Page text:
In recent years, the once abandoned Galataport has been the subject of a vast urban regeneration project, making it one of the most exciting parts of modern Istanbul. The ‘megaproject’ is a 400,000-square-metre development, located along 1.2 kilometre of riverbank and featuring an underground cruise ship terminal. There are hundreds of shops, restaurants, bars, cafes and more, and a wide promenade along the waterfront.


World House Boutique Hotel (Şahkulu, Galip Dede Cd. No:85/A, 34421 Beyoğlu/İstanbul) in the heart of Galata is a prime spot for a long weekend in the area. Recently renovated, the hotel’s ten unique bedrooms exude contemporary charm, with soft linens, wooden floors and high ceilings, just a few steps from Galata tower. The trendy bakery downstairs, where breakfast is served, make it a winner.

Exposed brickwork and contemporary decor at World House Hotel (Photo: World House Hotel)

For somewhere affordable yet comfortable to lay your head, Dorus Palas Hotel ( Emekyemez Mahallesi Nazlı Hanım Sokak No: 19 Galata, Beyoglu) does the trick, with a minimalist vibe that encourages you to unwind after a long day’s sightseeing. Opt for a room with a balcony overlooking the water if you can.

On historic Banks Street, Georges Hotel (Serdar-ı Ekrem Sokak No: 24 . Galata-Beyoğlu) is a chance to not only experience the history of this place but to positively immerse yourself in it. The rooftop bar and restaurant afford stunning views over the Bosphorus, and the meticulous interiors include furniture from local artisans and designers.

Roof Terrace at Georges Hotel (Photo: courtesy of Georges Hotel)

Restaurants & Cafes

A two minute walk from Galata Tower, Moise Karakoy (Bereketzade, Felek Sk. No:2, 34421 Beyoğlu) is all about the magnificent rooftop views. The food is light and flavoursome modern Turkish, with a great cocktail menu and plenty of healthy options.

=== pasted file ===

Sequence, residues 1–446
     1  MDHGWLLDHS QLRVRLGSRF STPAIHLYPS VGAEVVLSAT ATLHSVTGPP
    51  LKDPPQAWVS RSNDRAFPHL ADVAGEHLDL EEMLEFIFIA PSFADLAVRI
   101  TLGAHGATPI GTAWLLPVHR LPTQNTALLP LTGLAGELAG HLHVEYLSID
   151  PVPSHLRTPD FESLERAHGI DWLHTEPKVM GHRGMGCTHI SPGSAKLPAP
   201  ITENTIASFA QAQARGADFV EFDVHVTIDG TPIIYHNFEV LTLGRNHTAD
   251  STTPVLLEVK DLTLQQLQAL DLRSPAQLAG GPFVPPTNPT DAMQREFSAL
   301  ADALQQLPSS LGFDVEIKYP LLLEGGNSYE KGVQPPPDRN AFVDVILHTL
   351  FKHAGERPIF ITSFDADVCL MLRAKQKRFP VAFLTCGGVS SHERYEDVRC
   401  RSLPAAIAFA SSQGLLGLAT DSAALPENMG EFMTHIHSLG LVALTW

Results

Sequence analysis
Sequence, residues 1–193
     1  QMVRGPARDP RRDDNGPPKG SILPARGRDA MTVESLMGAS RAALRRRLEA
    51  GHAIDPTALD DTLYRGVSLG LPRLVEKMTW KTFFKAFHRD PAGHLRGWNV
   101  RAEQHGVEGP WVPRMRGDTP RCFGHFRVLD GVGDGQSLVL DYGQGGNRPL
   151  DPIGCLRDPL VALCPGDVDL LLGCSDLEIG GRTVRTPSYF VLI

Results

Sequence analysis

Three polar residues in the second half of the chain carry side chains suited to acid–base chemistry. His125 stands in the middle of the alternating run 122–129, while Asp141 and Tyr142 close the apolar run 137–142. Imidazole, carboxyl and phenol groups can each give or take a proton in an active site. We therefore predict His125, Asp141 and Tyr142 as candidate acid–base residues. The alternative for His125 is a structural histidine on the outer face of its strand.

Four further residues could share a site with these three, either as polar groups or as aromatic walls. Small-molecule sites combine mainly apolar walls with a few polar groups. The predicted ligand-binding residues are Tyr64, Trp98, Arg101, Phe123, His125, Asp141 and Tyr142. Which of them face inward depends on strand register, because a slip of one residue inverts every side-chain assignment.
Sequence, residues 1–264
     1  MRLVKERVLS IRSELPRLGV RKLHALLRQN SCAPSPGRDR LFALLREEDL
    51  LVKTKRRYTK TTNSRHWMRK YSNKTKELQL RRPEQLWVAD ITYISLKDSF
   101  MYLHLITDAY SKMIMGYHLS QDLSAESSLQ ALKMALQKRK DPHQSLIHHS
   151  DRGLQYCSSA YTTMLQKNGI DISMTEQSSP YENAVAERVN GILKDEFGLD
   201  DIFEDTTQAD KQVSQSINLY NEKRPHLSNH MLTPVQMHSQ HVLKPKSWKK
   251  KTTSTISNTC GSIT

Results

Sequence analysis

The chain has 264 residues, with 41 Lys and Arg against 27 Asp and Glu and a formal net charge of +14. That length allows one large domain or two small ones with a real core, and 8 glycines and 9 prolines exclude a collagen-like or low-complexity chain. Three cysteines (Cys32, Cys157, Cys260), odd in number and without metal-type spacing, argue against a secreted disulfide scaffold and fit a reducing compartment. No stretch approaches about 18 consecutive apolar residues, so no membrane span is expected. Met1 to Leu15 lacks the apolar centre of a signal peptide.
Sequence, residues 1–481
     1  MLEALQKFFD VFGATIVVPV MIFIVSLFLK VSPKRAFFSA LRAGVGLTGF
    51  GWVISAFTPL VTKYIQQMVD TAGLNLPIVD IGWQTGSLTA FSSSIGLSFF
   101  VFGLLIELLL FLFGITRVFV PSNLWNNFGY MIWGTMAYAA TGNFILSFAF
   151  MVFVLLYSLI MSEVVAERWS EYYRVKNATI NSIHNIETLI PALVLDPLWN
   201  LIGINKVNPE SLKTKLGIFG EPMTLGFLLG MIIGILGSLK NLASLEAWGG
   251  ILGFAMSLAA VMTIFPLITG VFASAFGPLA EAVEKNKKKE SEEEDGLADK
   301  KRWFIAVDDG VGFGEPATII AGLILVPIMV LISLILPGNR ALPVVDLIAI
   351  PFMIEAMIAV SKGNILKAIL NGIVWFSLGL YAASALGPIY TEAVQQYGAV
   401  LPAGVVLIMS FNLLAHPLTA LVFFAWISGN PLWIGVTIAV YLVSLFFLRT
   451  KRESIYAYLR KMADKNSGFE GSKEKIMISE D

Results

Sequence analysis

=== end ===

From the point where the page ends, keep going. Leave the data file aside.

Restaurant Mabou (Asmalı Mescit, General Yazgan Sk. 8b, 34430 Beyoğlu)’s slow and seasonal Mediterranean cooking and hand-rolled pasta are an antidote to the fast-food you’ll find elsewhere, making it a cosy and memorable dinner spot in the heart of Galata.

Pepo’s Galata (Bereketzade, Camekan Sk. no:1/d, 34421 Beyoğlu) is one of the neighbourhood’s most popular eating spots, serving traditional Turkish cuisine in a laid-back setting. Order a selection of mezze-style snacks, and try classic dishes dating back to the Ottoman empire.

For a splash-out night sampling some of the finest contemporary Turkish cooking in town, Aheste (Asmalı Mescit, Meşrutiyet Cd. 107, Beyoğlu) is a must-try. A daily changing menu of dishes like asparagus with nectarines or sourdough battered haddock with garlic walnut sauce, along with a wicked cocktail menu, attract local foodies and international visitors alike.

World House Coffee Co (Şahkulu, Galip Dede Cd. No:85/A) is one of the trendiest spots to get your morning brew, with their flat whites not just an imbibing option but a veritable lifestyle choice. Pot plants, industrial lighting and a resident grey and white cat add to the millennial vibe.

Right next to Galata Tower, Federal Coffee (Şahkulu, Küçük Hendek Cd. No:7, Beyoğlu) specialise in Australian coffee, with some of the best tasting cold brews in Istanbul. They also serve pastries, herbal teas, pancakes, cakes and more substantial lunch dishes.

A pair of coffee enthusiasts launched Coffee Sapiens (Kemankeş Karamustafa Paşa, Kılıç Ali Paşa Mescidi Sk. No:10 D:C, Beyoğlu) with the aim of sourcing the finest quality coffee beans. They have beans from all over the world, and use both modern and classic roasting methods, and you’ll find specials like Pumpkin Spiced Latte on the menu from time to time too.

Galata at night (Photo: Ccurtesy of Turkish Tourism Board)

Mavra Café Design Workshop (Şahkulu, Serdar-ı Ekrem Cd. 31/A) is owned by a ceramicist – hence the eclectic style of bowls and platters you’ll see on display. Classic Turkish dishes like falafel and kofte are served alongside homemade cakes and big leafy salads.